At a Burlington park on a muggy afternoon in August, 8-year-old Tyler Pike flips a water bottle into the air for nearly an hour, trying to get it to land on the ground right side up.
After landing the bottle on its cap, he heads off to the playground slide to challenge himself on the slippery slope. His father, Craig, joins in with a Gatorade bottle, high-fiving his son each time he succeeds.
“Everybody says I’m such a great dad and awesome guy in recovery, and I don’t even see it, you know? I just do it. I don’t even think about it. It’s just what I do for my kid,” Craig Pike says.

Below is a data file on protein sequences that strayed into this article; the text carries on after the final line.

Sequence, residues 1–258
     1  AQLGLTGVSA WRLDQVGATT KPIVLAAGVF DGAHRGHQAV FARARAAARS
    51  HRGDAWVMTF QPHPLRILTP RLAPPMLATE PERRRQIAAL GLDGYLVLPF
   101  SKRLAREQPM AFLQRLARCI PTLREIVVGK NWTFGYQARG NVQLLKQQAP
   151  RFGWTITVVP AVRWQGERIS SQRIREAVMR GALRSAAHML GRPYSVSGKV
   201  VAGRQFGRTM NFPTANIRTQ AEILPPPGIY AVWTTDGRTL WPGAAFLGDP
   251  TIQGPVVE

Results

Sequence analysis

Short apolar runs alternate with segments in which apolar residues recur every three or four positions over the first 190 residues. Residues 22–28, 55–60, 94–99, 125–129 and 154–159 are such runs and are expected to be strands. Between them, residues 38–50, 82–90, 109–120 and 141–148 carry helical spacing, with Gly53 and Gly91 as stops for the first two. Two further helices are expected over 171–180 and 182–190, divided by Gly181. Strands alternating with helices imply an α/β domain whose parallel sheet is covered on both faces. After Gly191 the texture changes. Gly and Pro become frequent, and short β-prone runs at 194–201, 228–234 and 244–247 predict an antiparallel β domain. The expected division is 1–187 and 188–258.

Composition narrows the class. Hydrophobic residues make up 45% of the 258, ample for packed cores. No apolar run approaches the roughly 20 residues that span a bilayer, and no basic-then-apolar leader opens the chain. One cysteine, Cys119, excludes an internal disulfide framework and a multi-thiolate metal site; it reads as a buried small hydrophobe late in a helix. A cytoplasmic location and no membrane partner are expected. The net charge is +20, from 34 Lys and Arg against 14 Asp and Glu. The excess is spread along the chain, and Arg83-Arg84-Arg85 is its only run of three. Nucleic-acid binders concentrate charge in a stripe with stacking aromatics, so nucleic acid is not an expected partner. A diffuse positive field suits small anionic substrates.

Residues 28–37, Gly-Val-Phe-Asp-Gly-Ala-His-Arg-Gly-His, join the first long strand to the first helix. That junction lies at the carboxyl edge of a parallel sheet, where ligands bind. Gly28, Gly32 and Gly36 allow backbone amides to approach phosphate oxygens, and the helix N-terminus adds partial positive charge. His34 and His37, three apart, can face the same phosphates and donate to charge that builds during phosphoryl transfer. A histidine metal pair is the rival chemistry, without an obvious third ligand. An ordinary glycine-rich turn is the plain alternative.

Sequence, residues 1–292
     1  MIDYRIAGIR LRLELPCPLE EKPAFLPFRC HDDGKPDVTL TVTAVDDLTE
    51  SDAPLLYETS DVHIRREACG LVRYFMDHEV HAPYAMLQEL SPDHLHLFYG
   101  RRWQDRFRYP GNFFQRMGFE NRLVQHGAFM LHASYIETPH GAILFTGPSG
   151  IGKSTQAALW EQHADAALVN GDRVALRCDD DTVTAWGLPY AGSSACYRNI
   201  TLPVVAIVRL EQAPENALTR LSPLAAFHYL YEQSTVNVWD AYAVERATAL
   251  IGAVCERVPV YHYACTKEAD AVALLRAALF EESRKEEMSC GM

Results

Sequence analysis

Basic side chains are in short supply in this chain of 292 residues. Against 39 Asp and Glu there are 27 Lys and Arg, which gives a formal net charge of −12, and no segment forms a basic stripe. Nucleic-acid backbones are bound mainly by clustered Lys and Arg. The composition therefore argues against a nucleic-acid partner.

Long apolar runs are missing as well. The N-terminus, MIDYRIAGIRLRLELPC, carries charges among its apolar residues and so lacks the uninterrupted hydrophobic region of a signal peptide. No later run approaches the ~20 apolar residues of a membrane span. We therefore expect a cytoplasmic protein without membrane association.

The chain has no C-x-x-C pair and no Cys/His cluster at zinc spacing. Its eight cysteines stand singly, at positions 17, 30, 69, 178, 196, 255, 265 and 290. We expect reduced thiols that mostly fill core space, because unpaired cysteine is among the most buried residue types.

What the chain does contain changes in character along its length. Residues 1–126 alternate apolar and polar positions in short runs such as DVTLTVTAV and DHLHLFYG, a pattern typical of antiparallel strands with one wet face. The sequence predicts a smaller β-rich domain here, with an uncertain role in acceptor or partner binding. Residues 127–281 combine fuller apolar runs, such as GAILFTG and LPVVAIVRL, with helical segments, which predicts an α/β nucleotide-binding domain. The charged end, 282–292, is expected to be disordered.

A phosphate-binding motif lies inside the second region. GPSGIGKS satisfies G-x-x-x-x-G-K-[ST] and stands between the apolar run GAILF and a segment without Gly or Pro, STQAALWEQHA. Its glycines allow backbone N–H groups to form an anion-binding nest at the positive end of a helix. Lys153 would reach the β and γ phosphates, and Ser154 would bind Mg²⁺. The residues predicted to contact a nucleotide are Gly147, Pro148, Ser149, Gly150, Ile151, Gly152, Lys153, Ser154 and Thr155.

At 49, Craig Pike is a full-time single father of a son with autism.
He’s also one of hundreds of Skagit County parents who in the past decade have fought to get their children back after they had been removed from the home by Child Protective Services.
Each family’s story is distinct. Some are happy, others are sad and most are bittersweet.
For the 220 children in Skagit County currently under the care of CPS, there is a group of people, from department staff to court advocates, working tirelessly behind the scenes to get them home.
But a child’s first hope is their parents.
Like many cases, Rebecca Wilber’s first interaction with the child welfare system began with a phone call.
When her daughter Rylie was born with traces of cocaine and marijuana in her system in 2009, the hospital contacted Child Protective Services.
Rylie was just one such “request for intervention” of more than 100,000 in the state each year, and one of about 6,000 removed from the home for what is considered “imminent harm.”